Credit: ©2008 AAAS

The ability to reproducibly print regular patterns of chemicals on a surface is an important goal in many disciplines, from miniaturized analytical techniques to integrated circuits. Producing multiple copies of a predefined pattern to cover a large area, or producing a small number of unique patterns, is relatively straightforward, but methods for reproducing multiple copies without using a predefined pattern are rare. Similarly, producing patterns with features on multiple length scales — from nanometre to millimetre — in a single experiment is complex, as the chosen method is usually optimized to produce features on a particular scale.

Now, Chad Mirkin and colleagues from Northwestern University have introduced polymer pen lithography1. The technique is similar to dip-pen nanolithography (DPN), which is a widely used technique that delivers 'ink' via an atomic force microscope cantilever. But, rather than hard silicon cantilevers, polymer pen lithography uses tips made from the elastomer polydimethylsiloxane (PDMS). Arrays containing many thousands of polymer pens were formed using conventional photolithography. Producing patterns with such a system is not only much less expensive than using large cantilever arrays, but the size of the pattern produced can be controlled by the contact force between the pen array and the surface — higher forces causing flattening of the pen tips and generate larger feature sizes.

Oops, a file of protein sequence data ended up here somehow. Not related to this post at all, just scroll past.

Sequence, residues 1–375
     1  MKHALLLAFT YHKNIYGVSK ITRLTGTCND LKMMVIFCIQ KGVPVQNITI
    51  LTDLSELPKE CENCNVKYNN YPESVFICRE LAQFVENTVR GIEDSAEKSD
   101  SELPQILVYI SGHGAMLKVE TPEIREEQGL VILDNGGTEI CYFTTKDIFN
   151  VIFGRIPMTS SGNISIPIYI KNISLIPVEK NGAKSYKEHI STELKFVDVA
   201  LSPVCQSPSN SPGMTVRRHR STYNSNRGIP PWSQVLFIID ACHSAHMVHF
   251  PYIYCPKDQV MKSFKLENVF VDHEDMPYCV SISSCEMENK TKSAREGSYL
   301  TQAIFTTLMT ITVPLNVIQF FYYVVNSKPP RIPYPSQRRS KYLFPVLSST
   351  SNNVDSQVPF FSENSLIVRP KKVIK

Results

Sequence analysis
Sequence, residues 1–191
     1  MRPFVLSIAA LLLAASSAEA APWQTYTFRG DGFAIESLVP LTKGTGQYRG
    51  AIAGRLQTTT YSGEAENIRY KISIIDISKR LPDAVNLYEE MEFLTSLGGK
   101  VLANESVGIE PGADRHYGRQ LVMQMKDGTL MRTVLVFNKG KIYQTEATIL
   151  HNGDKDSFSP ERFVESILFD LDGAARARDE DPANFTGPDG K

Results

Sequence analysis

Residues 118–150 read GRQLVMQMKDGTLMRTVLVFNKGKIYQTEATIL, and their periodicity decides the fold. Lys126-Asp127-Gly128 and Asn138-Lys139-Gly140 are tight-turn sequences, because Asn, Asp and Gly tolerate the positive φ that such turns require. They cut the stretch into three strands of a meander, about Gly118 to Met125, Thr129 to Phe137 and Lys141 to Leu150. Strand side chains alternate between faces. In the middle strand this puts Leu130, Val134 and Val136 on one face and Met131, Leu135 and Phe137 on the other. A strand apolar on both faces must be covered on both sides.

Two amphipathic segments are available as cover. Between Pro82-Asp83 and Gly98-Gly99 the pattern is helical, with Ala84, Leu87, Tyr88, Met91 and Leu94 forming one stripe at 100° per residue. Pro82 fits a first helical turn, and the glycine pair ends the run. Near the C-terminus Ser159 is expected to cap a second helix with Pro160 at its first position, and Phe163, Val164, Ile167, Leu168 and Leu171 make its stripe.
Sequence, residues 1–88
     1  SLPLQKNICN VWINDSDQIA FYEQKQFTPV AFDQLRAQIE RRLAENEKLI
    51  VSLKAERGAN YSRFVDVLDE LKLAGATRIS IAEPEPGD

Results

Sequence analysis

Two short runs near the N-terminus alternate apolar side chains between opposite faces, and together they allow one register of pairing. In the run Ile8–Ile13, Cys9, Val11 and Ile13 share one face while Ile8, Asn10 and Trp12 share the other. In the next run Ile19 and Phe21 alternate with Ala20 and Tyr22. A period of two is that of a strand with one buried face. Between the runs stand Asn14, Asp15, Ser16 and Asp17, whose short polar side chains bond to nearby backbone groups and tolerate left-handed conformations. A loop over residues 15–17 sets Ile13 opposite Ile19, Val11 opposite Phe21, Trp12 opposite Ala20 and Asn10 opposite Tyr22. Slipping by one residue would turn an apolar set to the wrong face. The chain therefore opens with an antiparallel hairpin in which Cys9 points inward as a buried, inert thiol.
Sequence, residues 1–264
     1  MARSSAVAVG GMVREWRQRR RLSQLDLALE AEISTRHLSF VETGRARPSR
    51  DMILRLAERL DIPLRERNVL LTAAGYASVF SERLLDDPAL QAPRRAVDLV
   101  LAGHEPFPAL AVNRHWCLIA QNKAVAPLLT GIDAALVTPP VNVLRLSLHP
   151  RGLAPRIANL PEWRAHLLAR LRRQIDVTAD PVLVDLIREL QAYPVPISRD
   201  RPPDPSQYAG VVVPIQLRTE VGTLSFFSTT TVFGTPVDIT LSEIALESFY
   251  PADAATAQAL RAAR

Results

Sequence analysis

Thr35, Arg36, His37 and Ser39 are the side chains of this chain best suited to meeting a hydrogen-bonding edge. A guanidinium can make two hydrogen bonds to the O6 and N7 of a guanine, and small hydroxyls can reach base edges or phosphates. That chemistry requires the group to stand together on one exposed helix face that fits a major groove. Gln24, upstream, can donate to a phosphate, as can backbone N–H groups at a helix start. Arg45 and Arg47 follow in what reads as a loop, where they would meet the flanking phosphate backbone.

The soft nature of the PDMS pens is a key feature of this technique. Not only does this give the force-dependant size character of the patterning, but it also means that the system is self-levelling — Mirkin and colleagues found that the pens themselves were not significantly deformed until the entire array was in contact with the surface. The technique was used to produce 15,000 replicas of a pattern with nanometre and micrometre features in just 40 minutes.